Jury Selection at Heart of the Trial
Oklahoma bombing case midway into choosing jurors.
In the minds of many Americans, the trial of Oklahoma City bombing suspect Timothy McVeigh won't get fully under way until 12 people are chosen to sit in the jury box behind a beige screen in this Denver courtroom.Skip to next paragraph
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But as the process of winnowing a pool of 350 potential jurors enters its third week, experts say the contours - even the outcome - of the case are being established now.
As the McVeigh trial shows, at this stage lawyers probe for biases and try to plant ideas and images in the minds of prospective jurors. Research shows too that verdicts are often strongly influenced as much by the evidence as by who people are and how they view the world. As such, the jury selection process is seen as one of the most important strategic phases of a trial.
"A lot of trial lawyers believe it's very important to get their version of the facts to the jurors as soon as possible," says Bill Pizzi, a University of Colorado law professor. "In fact, many believe it's all over once the jury is picked."
Most prospective jurors already have strong predilections by the time they appear for questioning, and then they tend to form lasting opinions based on the first information they receive, says Cathlin Donnell, a legal consultant and former United States prosecutor. "You've got to get your licks in early if you're going to have an influence," Ms. Donnell says. "You have to start selling your arguments as soon as you begin questioning potential jurors."
That view is not lost on the prosecution and defense lawyers in the trial of Mr. McVeigh, the ex-soldier charged with murder and conspiracy in the April 19, 1995 bombing that killed 168 people. As they interview jury candidates in the courtroom of US District Judge Richard Matsch, they are calculating their words, gestures, and even facial expressions.
When potential jurors are introduced in the courtroom, government lawyers smile broadly as they say hello. McVeigh, often garbed in pressed khaki pants and an open-collar dress shirt, stands and bows slightly as he offers a cordial greeting.
"You don't get a second chance to make a first impression," observes Andrew Cohen, a Denver trial lawyer. And any candidate may become one of the the 12 jurors ultimately charged with deciding McVeigh's fate - including whether he lives or dies. "If a juror remembers a kind prosecutor, that might help the government's case.... And McVeigh obviously has been coached. He's really trying to make a favorable impression," says Mr. Cohen.
"When selecting a jury, you first want to establish a rapport, a bond," Ms. Donnell says. "But you're also trying to set some wheels in motion in their mind."
Since this is a capital-punishment case, jurors are probed extensively about their views on the death penalty. There's also an educational aspect. One potential juror was asked by the government prosecutor if she could "sign a paper sending the defendant to death" if his family was in the courtroom weeping.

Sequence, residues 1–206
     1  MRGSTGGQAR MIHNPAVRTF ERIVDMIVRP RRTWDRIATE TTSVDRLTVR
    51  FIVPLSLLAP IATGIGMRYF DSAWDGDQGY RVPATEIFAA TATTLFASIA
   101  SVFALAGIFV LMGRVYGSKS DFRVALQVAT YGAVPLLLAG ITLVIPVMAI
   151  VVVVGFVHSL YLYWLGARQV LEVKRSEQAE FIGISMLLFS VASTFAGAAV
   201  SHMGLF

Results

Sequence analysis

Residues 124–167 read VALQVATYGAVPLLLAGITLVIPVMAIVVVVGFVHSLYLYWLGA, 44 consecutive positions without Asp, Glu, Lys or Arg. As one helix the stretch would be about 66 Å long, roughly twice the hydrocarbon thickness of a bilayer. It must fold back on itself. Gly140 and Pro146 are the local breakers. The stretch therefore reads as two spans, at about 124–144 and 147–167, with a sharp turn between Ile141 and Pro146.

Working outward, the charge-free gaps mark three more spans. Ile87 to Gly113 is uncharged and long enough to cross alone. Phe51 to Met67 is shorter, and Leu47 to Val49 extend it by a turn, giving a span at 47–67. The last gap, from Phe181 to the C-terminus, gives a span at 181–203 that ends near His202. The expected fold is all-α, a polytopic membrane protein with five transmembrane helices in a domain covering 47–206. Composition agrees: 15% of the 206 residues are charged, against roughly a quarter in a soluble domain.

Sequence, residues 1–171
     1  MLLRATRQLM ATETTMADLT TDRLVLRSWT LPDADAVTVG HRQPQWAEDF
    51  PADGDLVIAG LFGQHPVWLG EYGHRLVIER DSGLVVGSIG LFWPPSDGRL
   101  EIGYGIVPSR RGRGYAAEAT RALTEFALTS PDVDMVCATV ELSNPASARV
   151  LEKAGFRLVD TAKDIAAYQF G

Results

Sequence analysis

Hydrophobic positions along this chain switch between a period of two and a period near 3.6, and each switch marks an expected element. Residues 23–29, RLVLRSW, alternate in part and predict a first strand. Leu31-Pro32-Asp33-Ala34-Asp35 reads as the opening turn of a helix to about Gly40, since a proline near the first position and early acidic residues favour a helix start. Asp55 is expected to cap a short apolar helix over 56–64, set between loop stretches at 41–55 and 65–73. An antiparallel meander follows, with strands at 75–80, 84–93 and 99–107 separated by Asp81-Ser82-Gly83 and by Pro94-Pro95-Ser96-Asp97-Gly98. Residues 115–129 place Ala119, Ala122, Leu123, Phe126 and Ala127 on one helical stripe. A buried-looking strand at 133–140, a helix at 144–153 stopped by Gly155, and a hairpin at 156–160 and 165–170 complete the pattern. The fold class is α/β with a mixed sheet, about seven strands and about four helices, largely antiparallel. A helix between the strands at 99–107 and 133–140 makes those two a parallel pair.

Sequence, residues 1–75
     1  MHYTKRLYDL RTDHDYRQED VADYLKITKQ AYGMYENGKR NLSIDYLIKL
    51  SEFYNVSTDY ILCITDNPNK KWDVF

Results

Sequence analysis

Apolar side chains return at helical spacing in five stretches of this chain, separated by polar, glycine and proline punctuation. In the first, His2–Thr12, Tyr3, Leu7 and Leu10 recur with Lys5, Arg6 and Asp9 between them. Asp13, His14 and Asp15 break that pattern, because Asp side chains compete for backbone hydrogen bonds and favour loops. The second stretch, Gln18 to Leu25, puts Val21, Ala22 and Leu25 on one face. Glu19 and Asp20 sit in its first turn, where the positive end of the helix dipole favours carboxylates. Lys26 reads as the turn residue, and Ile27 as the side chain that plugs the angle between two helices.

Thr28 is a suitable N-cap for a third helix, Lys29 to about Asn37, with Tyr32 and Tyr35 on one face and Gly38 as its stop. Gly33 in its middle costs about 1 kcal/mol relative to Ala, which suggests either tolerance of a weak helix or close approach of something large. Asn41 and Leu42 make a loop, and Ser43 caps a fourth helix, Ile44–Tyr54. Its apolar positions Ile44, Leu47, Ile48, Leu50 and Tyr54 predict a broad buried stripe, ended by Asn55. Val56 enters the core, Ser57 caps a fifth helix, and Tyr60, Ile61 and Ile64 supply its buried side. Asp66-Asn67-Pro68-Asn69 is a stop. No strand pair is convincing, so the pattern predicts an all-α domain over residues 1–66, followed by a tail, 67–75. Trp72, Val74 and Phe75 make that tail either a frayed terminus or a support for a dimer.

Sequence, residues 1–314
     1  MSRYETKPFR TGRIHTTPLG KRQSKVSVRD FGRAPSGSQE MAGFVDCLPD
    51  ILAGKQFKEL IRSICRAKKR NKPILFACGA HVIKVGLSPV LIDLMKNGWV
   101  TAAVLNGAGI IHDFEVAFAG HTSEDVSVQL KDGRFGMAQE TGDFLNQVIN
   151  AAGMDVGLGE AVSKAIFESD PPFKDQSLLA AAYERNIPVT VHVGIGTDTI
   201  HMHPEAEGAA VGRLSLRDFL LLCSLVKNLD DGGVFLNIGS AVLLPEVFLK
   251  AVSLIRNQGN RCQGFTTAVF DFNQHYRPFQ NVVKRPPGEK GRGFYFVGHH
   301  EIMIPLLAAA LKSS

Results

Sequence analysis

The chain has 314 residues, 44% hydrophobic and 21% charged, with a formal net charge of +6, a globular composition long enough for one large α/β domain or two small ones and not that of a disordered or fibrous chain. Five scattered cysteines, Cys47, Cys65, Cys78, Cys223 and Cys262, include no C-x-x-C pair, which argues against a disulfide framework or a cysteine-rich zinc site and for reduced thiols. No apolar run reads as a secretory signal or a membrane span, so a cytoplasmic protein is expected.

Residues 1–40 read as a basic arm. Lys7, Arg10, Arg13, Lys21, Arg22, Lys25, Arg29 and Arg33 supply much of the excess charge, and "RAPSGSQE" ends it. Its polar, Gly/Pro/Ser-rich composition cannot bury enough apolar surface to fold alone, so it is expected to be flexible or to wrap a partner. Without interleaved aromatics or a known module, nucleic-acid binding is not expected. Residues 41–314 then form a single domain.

Each side is looking for clues to a juror's leanings. For example, one potential juror - a commercial airline pilot - expressed strong reservations about the death penalty. He also revealed that a friend, a fellow pilot, had been killed as a consequence of a terrorist act.
Government prosecutor Lawrence Mackey asked the pilot: "Do you think the death penalty is an appropriate potential deterrent to terrorists?" "Possibly," the man replied.
McVeigh's attorney, Stephen Jones, took a different tack: "Do you agree that in the US, the guilt or innocence of a defendant is decided in the courtroom, not in the media?" he asked.
Of course, jury selection isn't just about influencing the thinking of jurors - it's about choosing the right mix of people. Thus, seemingly insignificant questions and comments may hold import. Attorneys ask about prospective jurors' hobbies, habits, pets, and favorite books. They are trying to connect with each candidate, but they are also gleaning clues to an individual's nature, jury consultants say. Bumper stickers, for example, reveal strongly held views.
"You want to weed out people with strong opinions," says Robert Hirschhorn, a Galveston, Texas, jury consultant who will assist the defense team of bombing co-defendant Terry Nichols - set to stand trial after McVeigh. In the McVeigh trial, defense and prosecution are using jury consultants.
At times, lawyers' tactics are more backhanded. "If defense lawyers see someone they don't want on the jury, they may try to get them to say something the prosecution won't like," says Cohen. "They try to make them unappealing to the prosecution. There's a lot of 'poker bluffing' that goes on."
Many legal experts - including Donnell - view such behavior, along with an increasing reliance on jury consultants, as a disheartening trend. "Nearly every lawyer now thinks they need a jury consultant. And I think that's sad ... because it's all manipulation," she says.
A "dumbed-down" jury may be an unfortunate consequence of this approach, she says, adding that many consider the O.J. Simpson criminal trial, a case in point. "When it comes down to knocking off anyone with fairly strong opinions about anything, you get to a fairly low common denominator," Donnell says.
Hirschhorn disagrees. "The beauty of the jury system is that 98 times out of 100, the jurors figure it out. They have a collective IQ of 1,000." But first and foremost, he stresses, is an impartial jury. "Jury selection is not important. It is supremely important."